Reverse ETL offers many use cases for operational teams. For instance, the sales team would like to monitor a key customer metric or KPI that is usually evaluated in the cloud data warehouse. Reverse ETL can bring this calculated metric to a CRM tool like Salesforce.

Another reverse ETL use case includes marketing teams analyzing customer purchase patterns and ad campaign responses using e-commerce and marketing automation tools. Similarly, reverse ETL can transfer customer data to customer data platforms (CDP) to enable operational analytics for marketing and sales teams.

Is Reverse ETL the Same as ELT?

Just like reverse ETL should not be confused with ETL, it should not be confounded with ELT as well. ELT refers to Extract, Load, and Transform. It extracts data from disparate sources and loads it directly into the data warehouse without performing the data transformation process.

ELT offers an alternate and more effective integration workflow compared to traditional ETL. The data transformation process is performed on an as-need basis within the cloud data warehouse, reducing the time between data extraction and delivery.

ELT is often used with data lakes for storing the bulk of raw data. Data lakes offer more flexibility and scalability if data infrastructure needs to be updated for future use. It enables data teams to transform and optimize raw data in real time as per business requirements. They can use a built-in or external data build tool (dbt) to transform this raw data. DBT tools are SQL enabled, which breaks down the complexity of the data transformation process, including aggregation, normalization, and sorting.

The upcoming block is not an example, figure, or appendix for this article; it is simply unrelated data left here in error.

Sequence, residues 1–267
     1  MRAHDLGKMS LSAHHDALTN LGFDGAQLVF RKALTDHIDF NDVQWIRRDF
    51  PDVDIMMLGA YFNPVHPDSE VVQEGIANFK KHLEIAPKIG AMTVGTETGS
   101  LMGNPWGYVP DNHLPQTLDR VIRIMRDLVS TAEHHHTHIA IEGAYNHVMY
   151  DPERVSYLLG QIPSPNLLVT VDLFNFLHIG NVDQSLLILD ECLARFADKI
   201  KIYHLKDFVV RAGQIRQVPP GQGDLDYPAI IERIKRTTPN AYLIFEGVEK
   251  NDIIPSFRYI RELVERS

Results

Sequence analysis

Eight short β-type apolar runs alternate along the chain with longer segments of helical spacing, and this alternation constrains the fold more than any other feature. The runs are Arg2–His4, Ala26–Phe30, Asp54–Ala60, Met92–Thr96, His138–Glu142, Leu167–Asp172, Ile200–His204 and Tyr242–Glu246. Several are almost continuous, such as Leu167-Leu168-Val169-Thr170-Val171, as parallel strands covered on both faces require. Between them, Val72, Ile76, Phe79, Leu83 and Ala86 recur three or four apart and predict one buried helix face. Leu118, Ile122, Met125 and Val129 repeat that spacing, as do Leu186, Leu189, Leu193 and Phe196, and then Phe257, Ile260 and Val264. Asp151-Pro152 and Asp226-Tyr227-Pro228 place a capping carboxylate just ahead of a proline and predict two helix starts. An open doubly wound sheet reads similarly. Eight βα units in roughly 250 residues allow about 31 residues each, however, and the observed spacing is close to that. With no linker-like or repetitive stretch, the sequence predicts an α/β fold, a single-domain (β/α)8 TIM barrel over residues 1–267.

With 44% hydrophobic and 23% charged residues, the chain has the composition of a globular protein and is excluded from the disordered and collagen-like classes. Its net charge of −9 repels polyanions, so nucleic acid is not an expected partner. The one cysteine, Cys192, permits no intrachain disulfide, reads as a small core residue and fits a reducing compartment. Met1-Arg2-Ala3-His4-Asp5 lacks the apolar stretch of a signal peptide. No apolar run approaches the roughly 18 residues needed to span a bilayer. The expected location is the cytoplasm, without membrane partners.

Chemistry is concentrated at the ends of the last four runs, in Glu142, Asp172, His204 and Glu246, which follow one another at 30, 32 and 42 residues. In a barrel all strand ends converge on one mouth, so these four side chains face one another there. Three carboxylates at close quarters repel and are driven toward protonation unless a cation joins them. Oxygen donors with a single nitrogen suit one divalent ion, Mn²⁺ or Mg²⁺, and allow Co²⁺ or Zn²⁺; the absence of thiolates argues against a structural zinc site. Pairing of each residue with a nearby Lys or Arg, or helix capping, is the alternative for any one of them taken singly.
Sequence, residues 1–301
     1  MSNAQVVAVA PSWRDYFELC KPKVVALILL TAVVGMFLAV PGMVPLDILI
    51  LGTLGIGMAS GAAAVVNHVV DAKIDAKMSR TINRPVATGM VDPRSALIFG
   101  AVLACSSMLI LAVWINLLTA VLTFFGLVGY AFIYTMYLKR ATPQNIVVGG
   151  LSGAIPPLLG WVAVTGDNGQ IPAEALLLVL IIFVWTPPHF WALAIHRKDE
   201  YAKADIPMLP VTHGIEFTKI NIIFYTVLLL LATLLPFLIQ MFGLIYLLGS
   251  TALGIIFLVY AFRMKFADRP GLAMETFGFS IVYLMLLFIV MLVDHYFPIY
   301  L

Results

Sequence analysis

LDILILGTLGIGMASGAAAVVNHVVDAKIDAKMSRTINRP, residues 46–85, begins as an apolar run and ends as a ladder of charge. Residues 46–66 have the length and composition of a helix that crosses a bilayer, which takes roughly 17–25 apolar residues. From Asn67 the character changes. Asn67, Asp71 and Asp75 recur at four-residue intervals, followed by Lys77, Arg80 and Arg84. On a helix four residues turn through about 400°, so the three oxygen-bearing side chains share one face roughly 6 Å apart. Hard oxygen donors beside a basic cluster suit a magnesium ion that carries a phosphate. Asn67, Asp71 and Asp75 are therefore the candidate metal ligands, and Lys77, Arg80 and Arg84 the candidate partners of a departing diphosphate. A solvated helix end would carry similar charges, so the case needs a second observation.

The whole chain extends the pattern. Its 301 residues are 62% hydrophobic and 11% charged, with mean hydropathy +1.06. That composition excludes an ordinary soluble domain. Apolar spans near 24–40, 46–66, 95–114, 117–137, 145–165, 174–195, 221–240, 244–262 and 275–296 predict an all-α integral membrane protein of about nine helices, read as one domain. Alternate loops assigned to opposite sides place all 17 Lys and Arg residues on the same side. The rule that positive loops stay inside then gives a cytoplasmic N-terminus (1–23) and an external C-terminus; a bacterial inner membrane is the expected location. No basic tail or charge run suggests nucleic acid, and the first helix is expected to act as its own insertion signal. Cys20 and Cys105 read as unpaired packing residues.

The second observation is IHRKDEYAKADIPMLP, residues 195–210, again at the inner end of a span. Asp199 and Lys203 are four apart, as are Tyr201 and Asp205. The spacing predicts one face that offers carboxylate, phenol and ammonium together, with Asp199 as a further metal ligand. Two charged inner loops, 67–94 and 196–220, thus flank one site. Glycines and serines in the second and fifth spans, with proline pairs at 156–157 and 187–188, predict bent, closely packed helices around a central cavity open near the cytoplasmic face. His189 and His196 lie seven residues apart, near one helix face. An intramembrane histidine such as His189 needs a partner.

Once the data is gathered in the data lake, reverse ETL can operationalize it. It transfers data from the data lake (or data warehouse) into business intelligence, visualization, and data analytics tools.

Leverage No-Code Reverse ETL with to Activate Operational Analytics

Reverse ETL tools democratize data across the organization and strengthen the modern data stack. It enables data engineering teams to focus on improving data quality rather than building custom connectors and maintaining APIs to support different third-party tools.

With built-in connectors, reverse ETL tools automate data workflows and transfer data in real-time, allowing different operational teams (like customer support, sales, and marketing) to leverage customer data and make data-driven business decisions. offers a user-friendly reverse ETL platform that enables even non-engineers to configure and manage robust data pipelines using 200+ built-in data sources and destinations. It implements reverse ETL best practices to deliver a robust modern data stack for e-commerce. Moreover, this platform provides an intuitive drag-and-drop interface with a no-code experience to set up ETL workflows within a few clicks.

Contact us today to enable intelligent decision-making with our scalable reverse ETL tool.